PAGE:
Friends of Claudia Lawrence ‘hoping for answers’ 10 years after disappearance
Friends of missing chef Claudia Lawrence have said they hope they will start “finding answers” as they gathered to mark the 10-year anniversary of her disappearance.
Miss Lawrence, who was 35 when she disappeared, has not been seen since March 18 2009.
Police believe was been murdered, although no body has ever been found.
On Monday afternoon, friends of Miss Lawrence gathered at York Minster to light a candle and appeal for information.
Martin Dales, a family friend who spoke on behalf of Miss Lawrence’s father Peter, who did not attend due to illness, said: “We hope very much that we will start finding those answers that we have been needing to find all these years of what has happened to Claudia.
“It’s a poignant occasion, it’s a big occasion. We want it to be successful in finding the answers we haven’t had for so many years.”
Mr Dales was joined at the minster by his wife Hazel and Miss Lawrence’s friends Suzy Cooper, 54, and Jen King, 34.
North Yorkshire Police earlier said the search for the University of York chef could be being hampered by people withholding vital information.
Detectives said they are still waiting for information from the public to help them make major progress.
Detective Superintendent Dai Malyn said: “It remains the case that we strongly suspect key and vital information is being withheld that could provide the breakthrough that we all want to see, not least Claudia’s heartbroken family.
“Unless we get information or intelligence to suggest that Claudia came to harm as a result of an opportunity taken by someone unconnected to her, me and the team still strongly believe the answer lies locally.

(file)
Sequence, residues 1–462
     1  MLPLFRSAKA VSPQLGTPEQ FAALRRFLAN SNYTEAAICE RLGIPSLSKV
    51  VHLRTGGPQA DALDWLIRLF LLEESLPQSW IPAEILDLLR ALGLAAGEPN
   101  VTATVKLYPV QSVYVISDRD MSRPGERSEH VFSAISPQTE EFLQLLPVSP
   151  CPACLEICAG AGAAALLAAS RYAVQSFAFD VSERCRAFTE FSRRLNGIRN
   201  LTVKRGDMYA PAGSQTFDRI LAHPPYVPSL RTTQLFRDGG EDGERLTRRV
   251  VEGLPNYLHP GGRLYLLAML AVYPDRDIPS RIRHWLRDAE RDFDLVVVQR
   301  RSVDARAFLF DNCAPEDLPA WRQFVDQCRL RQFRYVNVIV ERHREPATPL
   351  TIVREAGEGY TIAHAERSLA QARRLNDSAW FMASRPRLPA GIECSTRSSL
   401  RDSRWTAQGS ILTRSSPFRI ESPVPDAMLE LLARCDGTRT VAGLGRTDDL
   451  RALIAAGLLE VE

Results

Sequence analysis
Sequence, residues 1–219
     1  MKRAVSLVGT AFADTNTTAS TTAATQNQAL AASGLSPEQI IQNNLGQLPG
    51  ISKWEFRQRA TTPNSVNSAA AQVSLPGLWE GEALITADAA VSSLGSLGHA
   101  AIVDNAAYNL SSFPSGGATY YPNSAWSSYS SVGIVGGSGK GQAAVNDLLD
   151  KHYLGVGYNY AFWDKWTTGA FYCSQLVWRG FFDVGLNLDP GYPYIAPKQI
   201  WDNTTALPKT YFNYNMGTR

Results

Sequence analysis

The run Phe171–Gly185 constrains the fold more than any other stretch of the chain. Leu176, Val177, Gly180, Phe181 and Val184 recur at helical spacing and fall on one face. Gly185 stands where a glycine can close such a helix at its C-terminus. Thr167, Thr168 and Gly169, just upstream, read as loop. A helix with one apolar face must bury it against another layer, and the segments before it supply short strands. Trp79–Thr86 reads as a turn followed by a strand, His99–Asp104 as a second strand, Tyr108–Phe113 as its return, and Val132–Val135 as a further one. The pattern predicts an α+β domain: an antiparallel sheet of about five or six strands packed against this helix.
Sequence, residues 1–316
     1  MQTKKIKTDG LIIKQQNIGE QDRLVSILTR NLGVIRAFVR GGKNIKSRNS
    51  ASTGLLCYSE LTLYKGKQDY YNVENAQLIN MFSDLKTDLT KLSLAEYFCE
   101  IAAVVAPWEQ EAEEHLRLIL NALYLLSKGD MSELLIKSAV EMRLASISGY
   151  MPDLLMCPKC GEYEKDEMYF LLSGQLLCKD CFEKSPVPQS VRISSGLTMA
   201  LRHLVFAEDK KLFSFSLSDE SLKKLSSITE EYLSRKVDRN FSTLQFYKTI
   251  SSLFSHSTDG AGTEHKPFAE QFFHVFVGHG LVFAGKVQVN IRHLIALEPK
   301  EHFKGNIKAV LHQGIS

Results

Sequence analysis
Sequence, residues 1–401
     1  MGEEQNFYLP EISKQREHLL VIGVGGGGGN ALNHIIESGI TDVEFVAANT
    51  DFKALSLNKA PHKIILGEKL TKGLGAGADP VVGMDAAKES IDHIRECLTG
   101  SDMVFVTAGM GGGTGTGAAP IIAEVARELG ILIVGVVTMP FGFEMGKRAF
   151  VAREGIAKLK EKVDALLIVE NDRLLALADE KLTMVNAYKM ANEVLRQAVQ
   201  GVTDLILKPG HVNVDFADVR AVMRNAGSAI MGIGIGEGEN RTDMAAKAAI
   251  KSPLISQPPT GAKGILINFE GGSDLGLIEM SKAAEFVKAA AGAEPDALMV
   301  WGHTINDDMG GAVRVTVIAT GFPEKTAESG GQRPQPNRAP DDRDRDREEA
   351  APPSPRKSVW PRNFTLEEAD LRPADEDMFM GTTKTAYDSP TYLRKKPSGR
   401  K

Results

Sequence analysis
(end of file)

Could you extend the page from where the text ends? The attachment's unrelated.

“As with some recent cold case successes, the breakthrough has come from the public and we still have confidence that this will be the case.”
Following Miss Lawrence’s disappearance, searches were initially focused on the route between her home in Heworth Road and the University of York.
Hundreds of officers from various forces were involved but the investigation was scaled back over the years.
Mr Malyn added that the investigation has been hindered by a lack of CCTV around Miss Lawrence’s home, as well as the fact that she had neither a smartphone nor a social media profile when she vanished.
The force said members of the public are still coming forward with information.
Despite being “well intentioned”, much of this is based on speculation or theory, Mr Malyn said.
“The call we really want is the one that helps piece together the parts of the jigsaw we already know regarding her last movements and people she associated with and places frequented,” he added.
Nine people have been arrested or interviewed under caution in connection with the investigation and police submitted files to the Crown Prosecution Service in relation to a number of individuals, but there was insufficient evidence to bring charges.